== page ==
Reported race attacks double in five years: Police figures prompt calls for separate offence of harassment

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The Independent Online
REPORTED incidents of racial violence have increased sharply in the past year and doubled in the last five years, a new survey of police forces in England and Wales shows.

In some regions the number of reported racial incidents, including assaults, threats and vandalism, have risen by up to 20-fold. Racist abuse has doubled since 1988 to more than 8,700 cases in 1993 - an increase of about 1,000 on the previous year.

The Labour Party, which published the offical police figures yesterday, called for new laws to clamp down on racist attacks. It is urging the Government to introduce legislation to make racial harassment a separate offence.

Labour also wants racial motivation to be made a compulsory factor in cases of violence - which would force courts to give tougher sentences when proven. At present it is optional.

Labour plans to table an amendment at the Report Stage of the Criminal Justice Bill in the Commons. Hartley Booth, the Tory MP, unsuccessfully sought a Second Reading for such a measure last week.

According to statistics from 42 of the 43 police forces in England and Wales, there was a 13 per cent rise in racial incidents over the previous year. There have been dramatic increases in areas such as Greater Manchester, which rose from 28 in 1988 to 577 last year. The increase from 1992 to last year was more than 40 per cent.

The Metropolitan Police, which accounts for about 40 per cent of incidents, rose from more than 3,200 cases in 1992 to an estimated 3,550 last year. The force has reported a rise of nearly 300 per cent in reported racial incidents on the Isle of Dogs in east London since the election last September of a far-right British National Party councillor in a local ward.

Other forces to show sharp rises from 1992 to 1993 included Hampshire, Avon and Somerset, Essex, Derbyshire, Leicestershire and South Wales. The West Midlands, West Yorkshire and Durham have shown a decrease.

The Home Office says the number of reported incidents may have risen during the past five years because of the increased confidence and awareness among ethnic minority groups, who are now more willing to contact the police.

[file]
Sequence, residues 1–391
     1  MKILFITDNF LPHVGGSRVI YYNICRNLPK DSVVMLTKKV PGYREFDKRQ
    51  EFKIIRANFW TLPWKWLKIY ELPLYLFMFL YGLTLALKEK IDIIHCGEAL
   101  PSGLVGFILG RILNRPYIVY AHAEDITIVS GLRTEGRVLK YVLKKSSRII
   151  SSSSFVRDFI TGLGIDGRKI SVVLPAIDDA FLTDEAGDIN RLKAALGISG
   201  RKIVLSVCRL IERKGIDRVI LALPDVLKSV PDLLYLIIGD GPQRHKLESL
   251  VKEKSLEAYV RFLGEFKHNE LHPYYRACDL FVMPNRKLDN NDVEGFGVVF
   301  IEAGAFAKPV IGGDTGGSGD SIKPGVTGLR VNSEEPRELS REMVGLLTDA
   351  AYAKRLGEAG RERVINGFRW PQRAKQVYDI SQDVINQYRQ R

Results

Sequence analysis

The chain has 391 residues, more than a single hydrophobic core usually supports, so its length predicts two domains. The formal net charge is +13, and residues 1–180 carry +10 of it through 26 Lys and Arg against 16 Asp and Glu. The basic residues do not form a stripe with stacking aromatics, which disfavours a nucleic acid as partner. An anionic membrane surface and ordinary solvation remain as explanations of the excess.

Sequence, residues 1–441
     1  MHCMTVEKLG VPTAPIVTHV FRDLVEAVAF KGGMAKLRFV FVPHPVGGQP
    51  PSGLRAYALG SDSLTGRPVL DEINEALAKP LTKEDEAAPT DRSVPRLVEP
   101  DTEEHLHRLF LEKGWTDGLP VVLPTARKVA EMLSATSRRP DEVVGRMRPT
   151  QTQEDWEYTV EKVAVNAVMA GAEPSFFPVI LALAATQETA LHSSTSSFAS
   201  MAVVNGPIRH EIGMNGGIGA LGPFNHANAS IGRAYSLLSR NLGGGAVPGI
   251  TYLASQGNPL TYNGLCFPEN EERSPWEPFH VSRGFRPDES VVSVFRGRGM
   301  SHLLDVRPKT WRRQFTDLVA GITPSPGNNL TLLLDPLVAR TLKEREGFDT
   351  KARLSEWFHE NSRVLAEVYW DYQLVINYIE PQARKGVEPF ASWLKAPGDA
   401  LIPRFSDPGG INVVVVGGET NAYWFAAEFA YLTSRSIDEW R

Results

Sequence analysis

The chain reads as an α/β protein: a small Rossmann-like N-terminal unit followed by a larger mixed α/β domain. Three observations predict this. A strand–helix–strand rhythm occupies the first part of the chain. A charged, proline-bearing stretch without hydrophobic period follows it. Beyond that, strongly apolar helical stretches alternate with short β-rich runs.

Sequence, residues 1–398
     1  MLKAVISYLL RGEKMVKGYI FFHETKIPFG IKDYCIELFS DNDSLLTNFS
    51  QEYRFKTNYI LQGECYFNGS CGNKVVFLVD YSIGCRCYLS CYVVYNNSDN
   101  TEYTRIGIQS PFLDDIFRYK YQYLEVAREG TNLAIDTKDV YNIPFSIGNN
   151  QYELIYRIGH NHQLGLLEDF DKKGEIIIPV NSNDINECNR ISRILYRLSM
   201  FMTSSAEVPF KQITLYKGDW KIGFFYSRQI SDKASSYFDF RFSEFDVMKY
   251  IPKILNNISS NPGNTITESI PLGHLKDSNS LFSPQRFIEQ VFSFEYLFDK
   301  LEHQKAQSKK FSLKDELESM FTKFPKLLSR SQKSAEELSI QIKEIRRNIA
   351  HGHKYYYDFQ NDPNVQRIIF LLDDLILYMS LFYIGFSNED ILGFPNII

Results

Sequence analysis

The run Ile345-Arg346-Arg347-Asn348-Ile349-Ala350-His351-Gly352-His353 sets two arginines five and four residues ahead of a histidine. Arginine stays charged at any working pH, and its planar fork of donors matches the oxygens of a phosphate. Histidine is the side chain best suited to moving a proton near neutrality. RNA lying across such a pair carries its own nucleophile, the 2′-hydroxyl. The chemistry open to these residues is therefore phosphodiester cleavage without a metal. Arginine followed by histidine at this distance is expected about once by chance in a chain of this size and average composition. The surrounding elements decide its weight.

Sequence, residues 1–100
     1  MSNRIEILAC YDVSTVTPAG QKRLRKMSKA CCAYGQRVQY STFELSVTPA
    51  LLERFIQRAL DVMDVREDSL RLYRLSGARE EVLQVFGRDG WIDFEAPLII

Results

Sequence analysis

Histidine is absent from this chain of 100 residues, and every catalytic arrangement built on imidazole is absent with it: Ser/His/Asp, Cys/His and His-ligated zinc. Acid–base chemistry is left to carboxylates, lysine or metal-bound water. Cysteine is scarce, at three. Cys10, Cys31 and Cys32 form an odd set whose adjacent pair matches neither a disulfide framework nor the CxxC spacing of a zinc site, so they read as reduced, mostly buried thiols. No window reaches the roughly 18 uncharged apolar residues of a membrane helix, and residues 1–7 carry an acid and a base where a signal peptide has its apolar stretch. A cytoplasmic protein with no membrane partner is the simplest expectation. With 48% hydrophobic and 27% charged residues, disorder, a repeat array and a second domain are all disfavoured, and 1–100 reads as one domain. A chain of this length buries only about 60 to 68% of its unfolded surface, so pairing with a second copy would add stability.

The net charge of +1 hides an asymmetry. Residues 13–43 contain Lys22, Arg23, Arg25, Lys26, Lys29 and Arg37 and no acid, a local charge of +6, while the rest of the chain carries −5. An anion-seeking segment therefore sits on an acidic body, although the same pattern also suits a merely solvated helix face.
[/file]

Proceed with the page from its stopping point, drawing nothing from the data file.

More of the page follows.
Yesterday's figures, however, still only give a snapshot of the true scale of racist abuse in Britain. Peter Lloyd, Minister of State at the Home Office, giving evidence to the Home Affairs Select Committee which is investigating Racial Attacks and Harassment, said that there could be as many as 130,000 racial incidents every year.

The Anti-Racist Alliance estimates that in the past two years 14 people have died as a result of racial attacks, however no official figures is known because such murders are not recorded separately.

Tony Blair, the shadow Home Secretary, said: 'Given that the number of incidents reported are a tiny fraction of the actual number, there could be anywhere between 150,000 and 200,000 such incidents each year, and many of them will involve serious physical violence.' He said tougher penalties would not be the only result: 'It would also send out a very clear signal from Parliament. We need to send out the clearest possible signal that racial violence and harassment will not be tolerated.'

Joan Ruddock, a Labour home affairs spokeswoman, yesterday called on the Government to investigate the growth in fascist parties in Britain and their link with the rise in racist incidents.

Michael Howard, the Home Secretary, has said he is prepared to consider making changes to the Public Order Act regarding racial verbal abuse and harrassment, but he believes that a separate offence of racial violence would make it harder to convict someone.

(Graphs omitted)